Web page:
Also, I’d like to point out “1. People who call you names are hurting inside.”
    I believe mob mentality has quite a bit to do with it. People in highschool naturally want to fit in (always with a few exceptions). Therefore when a few kids make fun of someone, other kids instinctively join in.
    It sounds cynical now that I’ve actually written it xD

  • Samuel W. @ at 9:33 am, August 11th, 2010

    It’s a cycle of brainwashing initiated long ago by the asshole elite (by which I mean greedy cosmetics companies, domineering yet simultaneously yahoo politicians and the societal higher-ups in this country); the people putting down fat people are convinced that everybody should look one way or another according to what the media regurgitates repeatedly every day. Likewise their targets feel that this criticism is all right and true, when in reality it’s coming from what is nothing more than a standard set in order to increase profits and make women obsess over detail like never before in order to match this impossible ideal.

  • Rabbit @ at 4:32 pm, September 16th, 2010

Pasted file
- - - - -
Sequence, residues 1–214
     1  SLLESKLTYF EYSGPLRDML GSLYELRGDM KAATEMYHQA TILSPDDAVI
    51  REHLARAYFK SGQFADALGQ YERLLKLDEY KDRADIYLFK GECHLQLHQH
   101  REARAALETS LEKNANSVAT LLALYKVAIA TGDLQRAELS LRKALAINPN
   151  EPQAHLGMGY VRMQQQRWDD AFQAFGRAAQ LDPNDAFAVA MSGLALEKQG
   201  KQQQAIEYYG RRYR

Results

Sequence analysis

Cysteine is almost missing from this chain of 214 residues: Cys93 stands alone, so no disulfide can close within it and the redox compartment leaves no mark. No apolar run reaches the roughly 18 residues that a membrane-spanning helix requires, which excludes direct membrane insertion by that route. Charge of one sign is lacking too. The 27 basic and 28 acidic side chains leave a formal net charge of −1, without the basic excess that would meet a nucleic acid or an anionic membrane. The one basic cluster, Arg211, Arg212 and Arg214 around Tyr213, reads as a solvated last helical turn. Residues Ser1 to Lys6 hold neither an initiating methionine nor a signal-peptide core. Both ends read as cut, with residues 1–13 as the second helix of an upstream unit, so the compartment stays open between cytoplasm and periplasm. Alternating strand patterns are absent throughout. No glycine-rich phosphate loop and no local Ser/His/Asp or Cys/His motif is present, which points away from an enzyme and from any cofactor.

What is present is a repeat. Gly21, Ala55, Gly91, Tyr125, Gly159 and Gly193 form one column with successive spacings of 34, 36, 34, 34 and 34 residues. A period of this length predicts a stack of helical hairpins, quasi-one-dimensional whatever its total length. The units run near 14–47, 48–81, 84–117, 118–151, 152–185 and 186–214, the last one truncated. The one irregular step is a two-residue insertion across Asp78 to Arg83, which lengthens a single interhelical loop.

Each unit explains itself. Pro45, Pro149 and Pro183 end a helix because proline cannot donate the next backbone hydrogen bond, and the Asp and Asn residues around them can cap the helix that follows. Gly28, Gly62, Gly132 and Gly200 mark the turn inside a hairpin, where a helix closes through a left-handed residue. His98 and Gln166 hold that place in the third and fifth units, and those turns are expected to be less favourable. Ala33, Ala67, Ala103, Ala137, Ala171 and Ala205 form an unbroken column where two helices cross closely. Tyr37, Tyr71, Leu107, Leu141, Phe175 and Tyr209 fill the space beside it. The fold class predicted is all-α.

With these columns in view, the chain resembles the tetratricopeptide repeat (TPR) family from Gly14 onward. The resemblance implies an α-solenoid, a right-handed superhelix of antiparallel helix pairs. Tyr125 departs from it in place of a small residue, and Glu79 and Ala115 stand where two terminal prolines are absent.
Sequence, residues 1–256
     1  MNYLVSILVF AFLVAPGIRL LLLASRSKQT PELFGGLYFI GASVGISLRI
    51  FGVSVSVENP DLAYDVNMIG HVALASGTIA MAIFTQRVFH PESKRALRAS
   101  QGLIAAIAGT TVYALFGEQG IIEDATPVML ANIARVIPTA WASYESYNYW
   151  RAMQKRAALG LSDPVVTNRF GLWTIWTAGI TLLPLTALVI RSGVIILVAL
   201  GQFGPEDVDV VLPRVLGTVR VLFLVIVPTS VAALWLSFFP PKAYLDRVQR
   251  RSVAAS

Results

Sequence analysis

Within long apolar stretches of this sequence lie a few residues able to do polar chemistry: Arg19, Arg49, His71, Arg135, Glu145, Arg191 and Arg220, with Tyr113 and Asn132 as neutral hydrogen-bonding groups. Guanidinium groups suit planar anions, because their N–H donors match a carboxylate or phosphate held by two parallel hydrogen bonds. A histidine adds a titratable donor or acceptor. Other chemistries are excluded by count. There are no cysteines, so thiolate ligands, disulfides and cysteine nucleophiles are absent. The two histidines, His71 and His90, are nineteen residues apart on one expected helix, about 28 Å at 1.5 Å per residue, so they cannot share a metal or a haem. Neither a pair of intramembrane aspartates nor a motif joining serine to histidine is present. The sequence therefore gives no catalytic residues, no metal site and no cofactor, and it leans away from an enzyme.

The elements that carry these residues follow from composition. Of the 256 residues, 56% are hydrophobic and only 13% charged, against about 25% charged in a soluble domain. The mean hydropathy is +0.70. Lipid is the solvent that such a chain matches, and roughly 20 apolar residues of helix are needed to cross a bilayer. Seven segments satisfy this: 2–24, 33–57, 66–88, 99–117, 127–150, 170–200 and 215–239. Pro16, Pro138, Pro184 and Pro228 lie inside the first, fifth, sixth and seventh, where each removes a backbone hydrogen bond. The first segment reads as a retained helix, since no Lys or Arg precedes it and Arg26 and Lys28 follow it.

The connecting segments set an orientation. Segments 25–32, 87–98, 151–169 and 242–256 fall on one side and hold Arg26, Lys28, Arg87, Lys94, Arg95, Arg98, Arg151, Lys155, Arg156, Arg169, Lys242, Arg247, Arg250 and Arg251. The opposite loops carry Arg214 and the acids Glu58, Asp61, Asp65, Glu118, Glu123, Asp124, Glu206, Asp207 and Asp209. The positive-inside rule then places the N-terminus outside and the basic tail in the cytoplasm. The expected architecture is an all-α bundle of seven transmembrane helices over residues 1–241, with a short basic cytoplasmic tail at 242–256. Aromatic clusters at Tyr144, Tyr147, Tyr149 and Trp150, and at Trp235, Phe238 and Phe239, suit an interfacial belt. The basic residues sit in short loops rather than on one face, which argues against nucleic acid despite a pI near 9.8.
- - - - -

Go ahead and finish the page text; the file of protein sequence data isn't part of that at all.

I’m late to this discussion, but wanted to leave a brief note. I think that the term “fat” is used as an insult to all women, whether true or not. When I was in elementary school, I was pretty much the same size as everyone else in my class. For some reason (I think it might have been that I read too many books, but there is no way to be sure) I was the scapegoat of the class.

    The two who picked on me the most were the two fattest boys in my class. They called me fat, they called me ugly, they told everyone I was pregnant with another boy’s child (in fifth grade!) and many other things.

    Now, I’m 22 years old and I STILL think about the things they said to me when I was young and impressionable… and at 115lbs I still see an ugly, fat monster in the mirror every morning.

    People say kids will be kids, but that pain never goes away.

  • Help? @ at 7:40 pm, September 18th, 2010